Students must have passed at least 6 credits in the term before they transfer and depending on the year in school, 18 credits between fall, winter and spring terms prior to transferring.

Additionally, student-athletes who begin their junior year (5th semester) must have 40% of the degree completed at their new school upon entry. That means roughly 48 credits from your first school must be directly transferable and degree applicable to your major at your new school. 

Many schools also have transfer rules that only allow grades of C or higher to transfer, and thus students usually lose credits during transfer. Additionally, you should investigate if you can be accepted into the major you want at your new school. These are usually pieces of the puzzle that may not be directly answered until students are ready to enroll at their new school and released from their previous school.

At some schools there is a limit in the number of transfer credits they accept. For those transfer student-athletes entering a new school in their senior year (7th semester), they will need to bring in 72 applicable credits of C or higher at most schools to be eligible. Unfortunately, some universities have transfer caps that don’t allow for this possibility, and even if you have a 4.0 GPA, you can not transfer and be eligible.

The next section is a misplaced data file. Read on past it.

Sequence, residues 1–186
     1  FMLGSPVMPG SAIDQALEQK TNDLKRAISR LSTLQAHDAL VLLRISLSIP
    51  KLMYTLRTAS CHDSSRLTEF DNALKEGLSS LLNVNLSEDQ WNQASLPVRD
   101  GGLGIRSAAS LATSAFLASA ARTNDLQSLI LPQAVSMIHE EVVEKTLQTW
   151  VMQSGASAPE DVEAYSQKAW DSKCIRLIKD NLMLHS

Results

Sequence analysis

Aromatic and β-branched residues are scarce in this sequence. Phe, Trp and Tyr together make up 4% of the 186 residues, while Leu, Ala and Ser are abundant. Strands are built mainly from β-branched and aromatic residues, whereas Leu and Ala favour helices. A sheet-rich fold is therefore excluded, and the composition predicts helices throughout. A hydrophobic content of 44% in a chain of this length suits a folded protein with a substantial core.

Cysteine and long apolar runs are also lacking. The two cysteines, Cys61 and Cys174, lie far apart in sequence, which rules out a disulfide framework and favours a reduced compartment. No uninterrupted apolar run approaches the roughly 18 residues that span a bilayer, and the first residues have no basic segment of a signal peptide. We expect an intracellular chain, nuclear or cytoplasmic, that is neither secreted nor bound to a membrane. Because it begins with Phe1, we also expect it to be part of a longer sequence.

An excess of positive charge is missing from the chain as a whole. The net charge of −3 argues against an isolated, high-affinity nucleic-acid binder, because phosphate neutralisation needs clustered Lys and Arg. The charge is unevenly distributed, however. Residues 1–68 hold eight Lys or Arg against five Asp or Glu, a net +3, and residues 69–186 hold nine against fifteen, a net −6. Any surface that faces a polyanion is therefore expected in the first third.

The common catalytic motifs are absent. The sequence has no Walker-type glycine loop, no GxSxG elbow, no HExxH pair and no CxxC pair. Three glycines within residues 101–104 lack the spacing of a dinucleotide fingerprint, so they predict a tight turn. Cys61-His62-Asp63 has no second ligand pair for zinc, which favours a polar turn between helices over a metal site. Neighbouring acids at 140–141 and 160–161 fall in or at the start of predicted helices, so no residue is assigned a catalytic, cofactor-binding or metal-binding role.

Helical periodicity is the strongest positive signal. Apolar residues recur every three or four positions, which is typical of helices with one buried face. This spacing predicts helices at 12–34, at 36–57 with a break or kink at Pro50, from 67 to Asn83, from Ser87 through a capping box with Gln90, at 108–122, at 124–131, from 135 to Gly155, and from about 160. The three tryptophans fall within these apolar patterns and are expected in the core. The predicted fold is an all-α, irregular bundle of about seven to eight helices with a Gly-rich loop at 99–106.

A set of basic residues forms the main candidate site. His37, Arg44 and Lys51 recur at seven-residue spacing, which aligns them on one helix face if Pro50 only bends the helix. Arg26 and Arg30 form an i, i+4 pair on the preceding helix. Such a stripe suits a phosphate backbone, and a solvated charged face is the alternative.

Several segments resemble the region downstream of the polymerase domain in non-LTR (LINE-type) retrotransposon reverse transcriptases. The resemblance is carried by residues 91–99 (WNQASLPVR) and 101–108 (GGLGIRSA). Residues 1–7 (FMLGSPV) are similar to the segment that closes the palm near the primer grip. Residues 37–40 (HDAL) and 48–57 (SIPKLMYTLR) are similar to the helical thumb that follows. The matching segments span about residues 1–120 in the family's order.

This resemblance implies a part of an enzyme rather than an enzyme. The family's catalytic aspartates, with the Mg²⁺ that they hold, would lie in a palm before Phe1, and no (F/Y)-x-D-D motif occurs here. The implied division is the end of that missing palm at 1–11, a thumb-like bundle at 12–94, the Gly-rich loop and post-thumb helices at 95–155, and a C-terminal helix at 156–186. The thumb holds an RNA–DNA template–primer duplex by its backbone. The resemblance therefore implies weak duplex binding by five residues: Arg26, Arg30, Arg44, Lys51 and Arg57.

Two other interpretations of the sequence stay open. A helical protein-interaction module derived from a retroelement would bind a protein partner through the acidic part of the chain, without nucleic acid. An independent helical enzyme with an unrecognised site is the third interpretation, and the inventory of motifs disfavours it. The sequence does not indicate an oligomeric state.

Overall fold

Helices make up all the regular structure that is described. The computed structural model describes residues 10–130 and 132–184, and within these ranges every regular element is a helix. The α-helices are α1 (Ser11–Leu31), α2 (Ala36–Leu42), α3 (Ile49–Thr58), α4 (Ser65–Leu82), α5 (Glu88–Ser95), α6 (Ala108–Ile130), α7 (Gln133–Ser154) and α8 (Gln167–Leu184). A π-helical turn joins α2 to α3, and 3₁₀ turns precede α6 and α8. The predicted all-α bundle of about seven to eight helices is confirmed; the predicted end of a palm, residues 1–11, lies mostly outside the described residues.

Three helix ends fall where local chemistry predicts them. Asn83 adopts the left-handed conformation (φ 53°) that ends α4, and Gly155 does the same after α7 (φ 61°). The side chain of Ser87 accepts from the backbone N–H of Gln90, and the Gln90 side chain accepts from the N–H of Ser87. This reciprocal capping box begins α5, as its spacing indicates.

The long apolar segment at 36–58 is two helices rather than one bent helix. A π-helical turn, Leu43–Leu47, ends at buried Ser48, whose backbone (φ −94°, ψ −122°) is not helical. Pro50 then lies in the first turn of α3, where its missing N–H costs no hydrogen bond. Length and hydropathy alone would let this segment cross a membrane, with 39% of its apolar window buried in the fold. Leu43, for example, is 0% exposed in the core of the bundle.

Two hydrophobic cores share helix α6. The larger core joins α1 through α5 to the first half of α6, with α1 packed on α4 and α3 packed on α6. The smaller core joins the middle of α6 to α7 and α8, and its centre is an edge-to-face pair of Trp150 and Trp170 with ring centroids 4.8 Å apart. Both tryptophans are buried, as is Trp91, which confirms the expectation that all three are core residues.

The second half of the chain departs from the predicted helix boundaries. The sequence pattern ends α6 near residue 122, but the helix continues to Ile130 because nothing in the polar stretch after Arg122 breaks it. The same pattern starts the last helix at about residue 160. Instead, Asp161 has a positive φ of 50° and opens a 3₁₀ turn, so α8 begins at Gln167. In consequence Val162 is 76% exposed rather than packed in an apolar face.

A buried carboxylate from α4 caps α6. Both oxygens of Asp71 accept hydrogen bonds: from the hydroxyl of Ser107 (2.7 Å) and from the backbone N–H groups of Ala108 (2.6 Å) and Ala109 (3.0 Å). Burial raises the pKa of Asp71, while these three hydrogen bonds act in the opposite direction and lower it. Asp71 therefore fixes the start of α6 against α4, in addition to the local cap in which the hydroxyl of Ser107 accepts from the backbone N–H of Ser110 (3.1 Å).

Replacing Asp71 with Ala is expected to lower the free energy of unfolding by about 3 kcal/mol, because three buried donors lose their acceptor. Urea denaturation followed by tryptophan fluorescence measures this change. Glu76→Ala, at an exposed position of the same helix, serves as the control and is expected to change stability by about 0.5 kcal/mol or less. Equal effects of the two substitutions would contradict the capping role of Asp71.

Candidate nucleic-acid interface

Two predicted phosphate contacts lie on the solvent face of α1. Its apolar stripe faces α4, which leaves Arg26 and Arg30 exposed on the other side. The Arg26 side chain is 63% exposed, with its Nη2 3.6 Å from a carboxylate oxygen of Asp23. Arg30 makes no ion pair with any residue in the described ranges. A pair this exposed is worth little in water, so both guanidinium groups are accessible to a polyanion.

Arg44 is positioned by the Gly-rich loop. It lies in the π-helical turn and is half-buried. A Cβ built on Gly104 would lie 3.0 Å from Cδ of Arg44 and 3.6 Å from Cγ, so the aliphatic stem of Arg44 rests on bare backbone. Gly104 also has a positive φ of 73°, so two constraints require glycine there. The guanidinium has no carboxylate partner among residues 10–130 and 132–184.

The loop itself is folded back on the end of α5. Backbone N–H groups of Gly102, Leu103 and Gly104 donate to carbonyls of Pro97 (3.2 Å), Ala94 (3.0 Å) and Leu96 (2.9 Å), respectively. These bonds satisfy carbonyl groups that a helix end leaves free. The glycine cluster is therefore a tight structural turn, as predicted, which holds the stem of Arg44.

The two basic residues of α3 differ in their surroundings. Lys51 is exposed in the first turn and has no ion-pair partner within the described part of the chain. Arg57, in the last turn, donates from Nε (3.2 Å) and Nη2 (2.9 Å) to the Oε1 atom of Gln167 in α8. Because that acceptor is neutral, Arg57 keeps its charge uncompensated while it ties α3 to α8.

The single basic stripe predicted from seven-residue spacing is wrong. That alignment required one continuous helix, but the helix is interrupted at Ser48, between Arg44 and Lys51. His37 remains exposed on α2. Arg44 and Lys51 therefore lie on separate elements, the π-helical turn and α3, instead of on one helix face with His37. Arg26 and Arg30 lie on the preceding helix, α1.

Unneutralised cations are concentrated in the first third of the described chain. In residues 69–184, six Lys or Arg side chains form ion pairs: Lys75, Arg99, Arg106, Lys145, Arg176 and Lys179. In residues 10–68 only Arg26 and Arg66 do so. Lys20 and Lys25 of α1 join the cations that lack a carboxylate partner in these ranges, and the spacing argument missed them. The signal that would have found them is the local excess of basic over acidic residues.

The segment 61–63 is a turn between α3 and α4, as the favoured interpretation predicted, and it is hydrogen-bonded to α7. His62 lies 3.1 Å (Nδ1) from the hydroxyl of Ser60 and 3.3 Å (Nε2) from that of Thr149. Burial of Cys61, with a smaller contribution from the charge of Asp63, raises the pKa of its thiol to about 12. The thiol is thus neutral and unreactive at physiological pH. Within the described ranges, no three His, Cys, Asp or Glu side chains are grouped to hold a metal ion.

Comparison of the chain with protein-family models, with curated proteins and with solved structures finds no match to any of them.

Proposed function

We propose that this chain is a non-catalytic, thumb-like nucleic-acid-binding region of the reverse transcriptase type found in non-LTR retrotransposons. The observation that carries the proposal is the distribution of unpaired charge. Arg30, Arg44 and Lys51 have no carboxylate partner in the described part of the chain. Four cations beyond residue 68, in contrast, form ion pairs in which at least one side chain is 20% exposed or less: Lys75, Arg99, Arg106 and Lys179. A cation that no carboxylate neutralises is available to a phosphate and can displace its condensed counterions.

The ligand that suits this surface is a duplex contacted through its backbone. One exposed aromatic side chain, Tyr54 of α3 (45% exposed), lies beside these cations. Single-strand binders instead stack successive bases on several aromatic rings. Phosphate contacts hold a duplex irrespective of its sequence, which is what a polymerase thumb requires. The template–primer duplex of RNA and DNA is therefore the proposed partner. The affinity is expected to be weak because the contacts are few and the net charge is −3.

Make a point to speak with Admissions or Academic Advisors at the new school to review your current credits. These professionals can offer a Preliminary Transfer Evaluation of your previous classes and provide insight to your specific situation.

Additionally, because JUCO transfer decisions and offers from colleges occur late in the year, some students may have missed deadlines to apply to the four-year school. Start your research early and be aware of admissions deadlines and program requirements. Meeting the NCAA transfer rules does not guarantee you will be admitted to a new school.